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FACING UNPLEASANT FACTS by George Orwell

FACING UNPLEASANT FACTS

Narrative Essays

By George Orwell

Pub Date: Oct. 1st, 2008
ISBN: 978-0-15-101361-6
Publisher: Harcourt

The first of two volumes of the British author’s essays, compiled by journalist George Packer.

Orwell (1903–50) was no Flaubert closeted in aesthetic concentration. He was a vigorous participant in the chaotic life of his time, traveling to dangerous places (Burma under British rule, Spain fragmented by civil strife) and venturing into the culture of poverty—in his documentary masterpiece Down and Out in Paris and London and in such memorable transcriptions of personal experience as reports on his day spent in a filthy workhouse (“The Spike”) and a similar adventure in a festering prison (“Clink”). Readers familiar with Orwell’s work will not be surprised to find the aforementioned, or a kindred depiction of “Marrakech” as a swamp of poverty, overpopulation and disease, or a thoughtful if embittered retrospective essay, “Looking Back on the Spanish Civil War,” which forms a bridge to his great nonfiction book Homage to Catalonia. Some may be surprised, however, to encounter a memoirist who displays a quirky affection for the minutiae of the quotidian (“The Case for the Open Fire,” “In Defence of English Cooking,” “Bookshop Memories”) and a keen observer who always zeroes in on the broader ramifications of a simple subject (e.g., describing English football in “The Sporting Spirit” as “an unfailing cause of ill will”). The journalistic virtue Orwell does not possess in abundance is, oddly enough, objectivity. Readers will feel his inquiring, combative, judgmental sensibility lurking everywhere in his best work: bitter self-criticism in the twin classics “A Hanging” and “Shooting an Elephant”; stoical courage and depressive exhaustion in his immensely detailed “War-time Diary” (1940); his need “to make political writing into an art” in “Why I Write”; and the salutary indignation that enlivens his justly famous remembrance of public-school experiences (“Such, Such Were the Joys”).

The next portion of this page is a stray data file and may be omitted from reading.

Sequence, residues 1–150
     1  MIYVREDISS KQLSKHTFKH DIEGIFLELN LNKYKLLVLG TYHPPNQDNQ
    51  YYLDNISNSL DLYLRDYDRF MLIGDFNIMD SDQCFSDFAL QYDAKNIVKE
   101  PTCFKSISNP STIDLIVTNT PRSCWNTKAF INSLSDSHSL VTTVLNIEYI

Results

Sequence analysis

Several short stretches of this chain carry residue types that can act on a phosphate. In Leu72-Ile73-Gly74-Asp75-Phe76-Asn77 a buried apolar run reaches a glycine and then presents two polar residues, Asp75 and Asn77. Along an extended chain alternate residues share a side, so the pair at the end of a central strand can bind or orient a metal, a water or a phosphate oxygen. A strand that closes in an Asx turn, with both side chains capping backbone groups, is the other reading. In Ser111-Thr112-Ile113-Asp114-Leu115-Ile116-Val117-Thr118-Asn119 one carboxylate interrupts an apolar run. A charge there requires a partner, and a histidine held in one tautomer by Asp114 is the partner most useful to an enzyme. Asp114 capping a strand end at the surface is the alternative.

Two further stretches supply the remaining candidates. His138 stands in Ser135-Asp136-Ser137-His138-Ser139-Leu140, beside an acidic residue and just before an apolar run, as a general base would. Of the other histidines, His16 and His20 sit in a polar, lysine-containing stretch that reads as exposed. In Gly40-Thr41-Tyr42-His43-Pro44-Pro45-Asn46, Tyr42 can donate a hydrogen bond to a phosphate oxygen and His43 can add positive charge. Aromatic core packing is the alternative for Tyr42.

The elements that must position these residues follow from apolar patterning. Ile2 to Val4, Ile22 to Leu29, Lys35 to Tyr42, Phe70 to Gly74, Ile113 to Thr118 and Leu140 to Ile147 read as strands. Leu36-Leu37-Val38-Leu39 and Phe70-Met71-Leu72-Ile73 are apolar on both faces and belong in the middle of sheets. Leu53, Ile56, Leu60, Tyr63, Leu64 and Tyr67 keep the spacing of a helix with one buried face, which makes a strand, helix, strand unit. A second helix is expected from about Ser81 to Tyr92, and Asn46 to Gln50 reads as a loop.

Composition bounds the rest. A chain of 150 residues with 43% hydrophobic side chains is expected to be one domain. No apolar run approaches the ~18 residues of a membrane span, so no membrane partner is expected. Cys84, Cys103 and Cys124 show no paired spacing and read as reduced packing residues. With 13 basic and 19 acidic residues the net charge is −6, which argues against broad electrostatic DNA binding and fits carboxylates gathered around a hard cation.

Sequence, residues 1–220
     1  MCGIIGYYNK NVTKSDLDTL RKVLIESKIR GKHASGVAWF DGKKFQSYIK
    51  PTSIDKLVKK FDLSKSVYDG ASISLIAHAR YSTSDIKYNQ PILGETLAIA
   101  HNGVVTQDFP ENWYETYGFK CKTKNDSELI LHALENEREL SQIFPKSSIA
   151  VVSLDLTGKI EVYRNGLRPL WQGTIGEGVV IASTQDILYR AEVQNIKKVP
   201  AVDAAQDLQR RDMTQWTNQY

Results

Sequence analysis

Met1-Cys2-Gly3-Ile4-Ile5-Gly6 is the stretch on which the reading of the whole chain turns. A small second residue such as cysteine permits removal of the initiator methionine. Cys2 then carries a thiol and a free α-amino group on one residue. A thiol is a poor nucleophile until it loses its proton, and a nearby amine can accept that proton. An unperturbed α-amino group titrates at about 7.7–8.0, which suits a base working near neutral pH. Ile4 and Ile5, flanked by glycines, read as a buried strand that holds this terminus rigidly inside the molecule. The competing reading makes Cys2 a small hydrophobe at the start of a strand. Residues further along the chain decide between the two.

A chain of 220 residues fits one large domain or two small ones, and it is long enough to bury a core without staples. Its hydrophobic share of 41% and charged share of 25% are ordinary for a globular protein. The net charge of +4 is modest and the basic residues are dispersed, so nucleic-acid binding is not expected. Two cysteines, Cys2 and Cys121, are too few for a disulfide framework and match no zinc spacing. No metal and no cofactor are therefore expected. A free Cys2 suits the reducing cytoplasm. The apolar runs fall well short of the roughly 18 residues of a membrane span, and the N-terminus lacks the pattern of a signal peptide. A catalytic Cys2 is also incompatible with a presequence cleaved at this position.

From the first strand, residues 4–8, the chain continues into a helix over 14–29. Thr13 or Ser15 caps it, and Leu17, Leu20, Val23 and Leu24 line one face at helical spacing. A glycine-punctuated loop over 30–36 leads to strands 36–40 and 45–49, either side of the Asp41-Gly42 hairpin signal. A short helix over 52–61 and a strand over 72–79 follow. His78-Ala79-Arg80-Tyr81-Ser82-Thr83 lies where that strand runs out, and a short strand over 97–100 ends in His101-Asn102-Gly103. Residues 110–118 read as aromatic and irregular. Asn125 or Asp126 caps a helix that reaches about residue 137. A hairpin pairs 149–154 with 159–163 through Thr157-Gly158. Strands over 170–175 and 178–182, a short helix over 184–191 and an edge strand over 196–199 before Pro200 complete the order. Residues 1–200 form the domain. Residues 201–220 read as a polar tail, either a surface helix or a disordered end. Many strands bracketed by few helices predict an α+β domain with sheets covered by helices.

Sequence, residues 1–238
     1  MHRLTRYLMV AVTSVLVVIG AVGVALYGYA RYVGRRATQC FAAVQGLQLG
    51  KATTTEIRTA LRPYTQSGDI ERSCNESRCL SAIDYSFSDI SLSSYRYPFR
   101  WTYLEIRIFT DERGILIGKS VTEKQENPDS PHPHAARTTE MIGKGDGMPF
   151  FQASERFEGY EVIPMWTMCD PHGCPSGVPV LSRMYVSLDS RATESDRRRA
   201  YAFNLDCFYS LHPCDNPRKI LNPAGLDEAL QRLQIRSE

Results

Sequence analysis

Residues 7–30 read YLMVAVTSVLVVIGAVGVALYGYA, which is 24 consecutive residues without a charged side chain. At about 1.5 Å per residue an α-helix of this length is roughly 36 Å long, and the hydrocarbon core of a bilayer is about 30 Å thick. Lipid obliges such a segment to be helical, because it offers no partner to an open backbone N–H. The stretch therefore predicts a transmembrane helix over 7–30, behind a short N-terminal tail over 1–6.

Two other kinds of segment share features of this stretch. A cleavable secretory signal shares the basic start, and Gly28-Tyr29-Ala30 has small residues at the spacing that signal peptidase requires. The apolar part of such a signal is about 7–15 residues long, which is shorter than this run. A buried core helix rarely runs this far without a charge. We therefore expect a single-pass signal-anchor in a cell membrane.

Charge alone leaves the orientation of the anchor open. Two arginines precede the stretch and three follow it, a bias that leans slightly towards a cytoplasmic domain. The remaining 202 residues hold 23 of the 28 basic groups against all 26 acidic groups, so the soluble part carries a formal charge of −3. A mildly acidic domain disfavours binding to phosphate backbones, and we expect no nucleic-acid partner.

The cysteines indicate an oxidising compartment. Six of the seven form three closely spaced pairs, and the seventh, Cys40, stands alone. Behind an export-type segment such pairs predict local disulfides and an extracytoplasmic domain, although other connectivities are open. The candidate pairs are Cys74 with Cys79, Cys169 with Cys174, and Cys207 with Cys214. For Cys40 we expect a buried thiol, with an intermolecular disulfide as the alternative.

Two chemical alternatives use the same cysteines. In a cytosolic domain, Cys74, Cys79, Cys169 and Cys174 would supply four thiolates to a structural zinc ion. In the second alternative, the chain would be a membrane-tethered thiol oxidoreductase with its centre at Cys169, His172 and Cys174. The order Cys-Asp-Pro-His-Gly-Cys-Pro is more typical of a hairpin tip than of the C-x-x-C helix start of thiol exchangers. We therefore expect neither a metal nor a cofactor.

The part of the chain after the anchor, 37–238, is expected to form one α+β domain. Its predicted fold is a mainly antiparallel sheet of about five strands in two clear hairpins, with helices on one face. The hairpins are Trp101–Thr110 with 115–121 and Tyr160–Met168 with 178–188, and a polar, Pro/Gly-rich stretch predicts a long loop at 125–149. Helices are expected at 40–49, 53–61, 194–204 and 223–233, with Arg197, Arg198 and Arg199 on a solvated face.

A generous display of the great English journalist’s distinctive honesty, clarity and reverence for the pertinent fact and the perfect phrase.